Clifton and Hotwells
Improvement Society (CHIS)

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Richard Bland, Frank Martin and Roy Vaughan
There have been a few long-loved trees that have been felled this year, sometimes despite CHIS objections. On Clifton Green two large trees, a Chestnut and a Lime were felled for safety reasons as both were close to roads. The Chestnut was the older, and in the worse state. The Lime on Clifton Down had an electronic survey done to check for decay as there was some fungus infection at the base but, when felled, proved to be sound, and only about 120 years old, younger than anticipated. Limes pollard very well, a treatment which has become unfashionable, but the effectiveness of which is to be seen in the splendour of the Limes on Clifton College Close, so treated 10 years ago and thriving. Pollarding would have secured another century of life at least for the felled specimen. Its loss is regretted but it will be replaced with something a little smaller as the site needs filling.
Limes can easily live to be 500 years old and the most magnificent in Bristol are the avenue leading up to Kings Weston house, dating to 1715. On Canynge Road an ash was felled which probably pre-dated the Canynge Square house in whose garden it was. I like to think that it was a sapling in the hedge bordering the farm track from the Green shown in 18th century maps, which became Canynge Road, a link with a remote past which is a function of all ancient trees. It was quite hollow and far too top-heavy and has been replaced with a Tulip Tree which will be magnificent in its turn.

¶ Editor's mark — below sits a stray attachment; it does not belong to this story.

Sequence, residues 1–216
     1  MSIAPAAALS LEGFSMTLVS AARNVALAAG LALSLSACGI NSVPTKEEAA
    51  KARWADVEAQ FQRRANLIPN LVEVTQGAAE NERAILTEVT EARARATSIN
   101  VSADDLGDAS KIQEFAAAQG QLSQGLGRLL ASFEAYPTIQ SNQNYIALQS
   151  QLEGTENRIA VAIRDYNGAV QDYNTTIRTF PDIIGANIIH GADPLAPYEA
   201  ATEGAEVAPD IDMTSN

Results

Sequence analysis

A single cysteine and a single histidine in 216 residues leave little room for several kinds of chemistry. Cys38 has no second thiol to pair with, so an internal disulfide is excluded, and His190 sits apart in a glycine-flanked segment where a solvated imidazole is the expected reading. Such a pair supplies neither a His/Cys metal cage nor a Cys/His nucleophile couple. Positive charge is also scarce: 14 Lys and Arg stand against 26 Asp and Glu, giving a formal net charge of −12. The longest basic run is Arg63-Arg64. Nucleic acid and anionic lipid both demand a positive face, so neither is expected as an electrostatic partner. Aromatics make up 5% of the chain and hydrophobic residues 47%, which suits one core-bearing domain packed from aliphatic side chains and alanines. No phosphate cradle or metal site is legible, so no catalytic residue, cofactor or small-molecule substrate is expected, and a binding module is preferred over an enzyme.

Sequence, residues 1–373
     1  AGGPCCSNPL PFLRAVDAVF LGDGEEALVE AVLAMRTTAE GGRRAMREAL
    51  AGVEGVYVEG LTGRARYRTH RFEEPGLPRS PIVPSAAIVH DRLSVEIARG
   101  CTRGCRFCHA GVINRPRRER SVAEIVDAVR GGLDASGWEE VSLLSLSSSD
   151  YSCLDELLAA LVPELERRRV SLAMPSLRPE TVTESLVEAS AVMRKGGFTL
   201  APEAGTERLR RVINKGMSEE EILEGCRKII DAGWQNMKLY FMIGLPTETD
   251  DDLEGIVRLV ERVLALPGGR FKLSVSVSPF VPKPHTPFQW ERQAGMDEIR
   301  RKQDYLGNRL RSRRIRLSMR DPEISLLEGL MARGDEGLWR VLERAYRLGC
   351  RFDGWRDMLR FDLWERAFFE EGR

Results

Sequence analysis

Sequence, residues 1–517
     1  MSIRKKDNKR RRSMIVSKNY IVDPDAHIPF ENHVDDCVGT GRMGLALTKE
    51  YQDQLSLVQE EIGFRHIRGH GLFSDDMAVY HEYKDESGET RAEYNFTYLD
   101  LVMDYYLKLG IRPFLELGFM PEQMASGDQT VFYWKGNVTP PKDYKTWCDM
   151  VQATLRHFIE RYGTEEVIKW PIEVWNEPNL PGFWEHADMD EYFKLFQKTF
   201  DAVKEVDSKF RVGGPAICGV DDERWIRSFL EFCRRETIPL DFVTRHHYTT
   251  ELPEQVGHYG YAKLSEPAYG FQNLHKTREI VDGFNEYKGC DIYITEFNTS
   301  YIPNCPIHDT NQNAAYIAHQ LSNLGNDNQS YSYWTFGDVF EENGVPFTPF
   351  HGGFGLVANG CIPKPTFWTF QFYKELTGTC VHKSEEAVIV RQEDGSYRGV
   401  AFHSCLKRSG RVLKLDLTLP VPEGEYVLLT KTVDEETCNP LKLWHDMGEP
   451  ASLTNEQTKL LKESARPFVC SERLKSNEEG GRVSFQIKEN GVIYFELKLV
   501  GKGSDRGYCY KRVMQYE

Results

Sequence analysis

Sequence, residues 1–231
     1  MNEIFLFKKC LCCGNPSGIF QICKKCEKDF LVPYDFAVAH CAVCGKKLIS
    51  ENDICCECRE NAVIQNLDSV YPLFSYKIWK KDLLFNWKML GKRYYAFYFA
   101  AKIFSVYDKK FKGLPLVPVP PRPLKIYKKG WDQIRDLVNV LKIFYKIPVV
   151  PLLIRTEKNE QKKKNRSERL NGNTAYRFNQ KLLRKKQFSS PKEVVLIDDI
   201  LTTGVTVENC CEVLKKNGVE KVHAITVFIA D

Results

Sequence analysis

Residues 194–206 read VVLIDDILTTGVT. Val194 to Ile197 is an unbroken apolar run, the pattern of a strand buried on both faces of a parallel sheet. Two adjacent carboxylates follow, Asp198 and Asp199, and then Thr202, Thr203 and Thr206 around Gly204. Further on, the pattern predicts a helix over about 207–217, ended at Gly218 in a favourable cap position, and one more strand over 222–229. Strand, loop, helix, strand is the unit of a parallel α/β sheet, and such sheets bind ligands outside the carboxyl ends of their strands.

CHIS has long fought to protect all open spaces including gardens from development on the grounds that in a Conservation Area the spaces between buildings are as significant as the buildings themselves. A notable victory was won when these grounds were accepted as reason for refusing permission for a house to be built on a tiny site on Percival Road, filled now with growing trees, some of which I planted. There is, inevitably, an appeal. A defeat was suffered when, despite defeating many applications, permission was finally given to build on a garden at the back of 65 Pembroke Road, as a result of a planning department oversight. Two trees had Tree Preservation Orders on them, but permission was given to remove them in order to build the house, provided two trees were planted in their stead. CHIS will be watching closely.

Trees more details.

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